Salvini is sung by Enea Scala. I first encountered, with pleasure, his clean and intense singing in the recent recording (mentioned earlier) of Simon Mayr’s Medea in Corinto, as Egeo, the shorter and lighter of that opera’s two tenor roles. The role of Salvini is stratospheric, going up to high C multiple times. Most tenors today would be advised to take the highest notes in falsetto as tenors regularly did in the worlds of French and Italian opera until the 1840s. Scala sings the whole role in full voice, and thrillingly: he here jumps into the class of Juan-Diego Florez and Lawrence Brownlee [HERE]. (The tenor on the 1992 recording was, according to critics who have heard it, brave but inadequate.) The wily servant Bonifacio—this is the only comic character in any Bellini opera—is embodied to perfection by Maurizio Muraro, whose rendering of Dr. Bartolo, in Yannick Nezet-Seguin’s recent recording of Le nozze di Figaro, has been much admired [HERE].
The rest of the singers were new to me. Daniela Barcellona (an Italian from Trieste, despite what her last name may lead some to suspect) is a gratifying and reliable presence; her coloratura is liquid, and she makes each melismatic passage feel appropriate to Nelly’s emotional state at that moment: from sad to fearful to joyous. [listen HERE] I did notice some incipient wobble on sustained notes (as often happens with singers in their late 40s). Kathryn Rudge sings with beautiful, steady tone in the smaller role of the besotted Fanny [HERE]. Simone Alberghini sings the Lord Adelson role vividly when it goes into high, sustained notes; his coloratura is huffy. Baritone Rodion Pogossov (from Russia, but now a regular at the Met and other major houses) sings with splendid firmness and edge, conveying Colonel Struley’s nastiness without going overboard [HERE]. The role of his servant Geronio is taken by a young bass-baritone, David Soar, whose solid voice has been heard as Masetto and Colline at New York’s Metropolitan Opera [HERE]. Leah-Marian Jones does all that is needed as the housekeeper Madama Rivers. (She has sung such roles as Dvořák’s Ježibaba at British opera houses.) The spoken dialogue is handled superbly by the native Italian speakers and more than capably by the non-Italians. The choral singing, from the men of the Opera Rara Chorus, is spirited if sometimes a little amateurish-sounding.
The BBC orchestra plays wonderfully: I loved how the pizzicato strings conveyed the needed sneakiness in the duettino for Struley and Geronimo that opens Act 2, and how various solo wind players relished their moment in the sun (e.g., clarinet, horn, and—in an extended and dramatic passage—English horn). Bellini scored the work without brass, presumably concerned not to overpower the young singers who were available to him at the Conservatory. An appendix to the second CD contains four substantial passages that Bellini fully revised for the ill-fated second version. Several of these appendix numbers include entirely new music, and we now get to hear Bellini’s fuller orchestration (i.e., trumpets, trombones, timpani, and extra woodwind lines). Bellini also adds a chorus of male retainers to the Act 2 duettino, in which Struley announces his evil plan to his hesitant henchman Geronimo, and this makes the number even more menacing than it was originally.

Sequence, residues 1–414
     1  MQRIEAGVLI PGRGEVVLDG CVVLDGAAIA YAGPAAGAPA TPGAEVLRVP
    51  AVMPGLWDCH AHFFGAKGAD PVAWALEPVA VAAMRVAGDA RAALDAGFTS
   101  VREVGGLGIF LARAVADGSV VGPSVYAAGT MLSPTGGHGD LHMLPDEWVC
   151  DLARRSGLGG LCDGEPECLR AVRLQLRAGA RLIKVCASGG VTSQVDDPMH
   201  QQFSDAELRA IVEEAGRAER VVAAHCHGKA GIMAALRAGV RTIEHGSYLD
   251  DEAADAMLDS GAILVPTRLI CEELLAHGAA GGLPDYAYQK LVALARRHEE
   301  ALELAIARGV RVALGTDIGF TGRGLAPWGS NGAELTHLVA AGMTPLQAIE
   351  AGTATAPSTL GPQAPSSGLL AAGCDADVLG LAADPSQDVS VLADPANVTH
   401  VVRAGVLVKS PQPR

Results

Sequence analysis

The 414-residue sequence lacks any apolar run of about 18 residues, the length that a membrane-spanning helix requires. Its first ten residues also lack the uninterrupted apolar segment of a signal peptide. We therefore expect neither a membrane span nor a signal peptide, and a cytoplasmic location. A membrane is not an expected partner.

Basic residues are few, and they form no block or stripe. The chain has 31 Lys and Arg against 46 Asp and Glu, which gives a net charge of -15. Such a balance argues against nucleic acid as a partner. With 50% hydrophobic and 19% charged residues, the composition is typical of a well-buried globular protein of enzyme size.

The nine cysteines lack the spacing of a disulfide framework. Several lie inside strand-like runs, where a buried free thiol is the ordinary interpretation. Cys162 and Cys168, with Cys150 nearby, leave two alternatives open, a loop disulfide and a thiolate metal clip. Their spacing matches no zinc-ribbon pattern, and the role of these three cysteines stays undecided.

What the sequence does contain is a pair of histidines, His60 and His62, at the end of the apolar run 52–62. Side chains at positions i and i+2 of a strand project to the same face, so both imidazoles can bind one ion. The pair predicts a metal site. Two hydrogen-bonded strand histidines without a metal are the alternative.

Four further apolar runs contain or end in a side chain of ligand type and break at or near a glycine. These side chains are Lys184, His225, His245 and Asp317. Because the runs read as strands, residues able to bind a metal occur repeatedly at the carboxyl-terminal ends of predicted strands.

The numerous color photos in the booklet show the singers interacting, often with evident amusement. I share their delight. This is surely one of the best opera recordings of the year. And, if you are ever not in the mood to hear a lot of Italian spoken dialogue (no matter how well performed and how crucial for understanding the characters’ motivations and machinations), you can always skip to the next track.
The booklet essays are in English only. The plot summary is in English, French, German, and Italian. The libretto is in Italian and in a largely skillful English translation by Emanuela Gustella and Sue Rose. But the translators misunderstand one passage (p. 77): Nelly is not saying that her heart is doubtful but that Adelson’s words of assurance have restored calm to her formerly doubtful heart. Biographies for most but not all of singers are given at OperaRara.com.
Adelson e Salvini was given three staged performances in November 2017 in Ancona (Italy), under the auspices of the Fondazione Pergolesi Spontini. The role of Colonel Struley was played by Rodion Pogossov, as on this recording. I wish I could have been there! This opera deserves to become much better known.
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April Frederick (Jane Eyre), Mark Milhofer (St. John Rivers), David Stout (Edward Rochester), Gwion Thomas (Brocklehurst), English Symphony Orchestra, conducted by Kenneth Woods, SOMM263 [2 CDs] 125 minutes (opera alone: 107 minutes)
I had never heard a note by John Joubert (1927- ) before. Critics have often praised his works for organ and for chorus. Several of his hymns and carols are widely known. Joubert, I have now learned, was born in South Africa but received his training in England and has made his long and continuing career there, mainly in Birmingham. (His last name comes from a French Huguenot ancestor.)
One thing I can say for sure, after hearing Jane Eyre: Joubert possesses a keen sense for character, situation, and dramatic arc. John Allison, in a review (in the Telegraph) of the concert performance [preserved HERE], agrees: Joubert’s music in this opera “sometimes suggests what a less chilly-hearted Britten might have sounded like. A natural opera composer, Joubert writes for a busy orchestra that drives the action along and illuminates it, without overwhelming the singers.” Joubert’s musico-dramatic insights are evident in his booklet-essay and in the 17-minute interview that ends the second CD.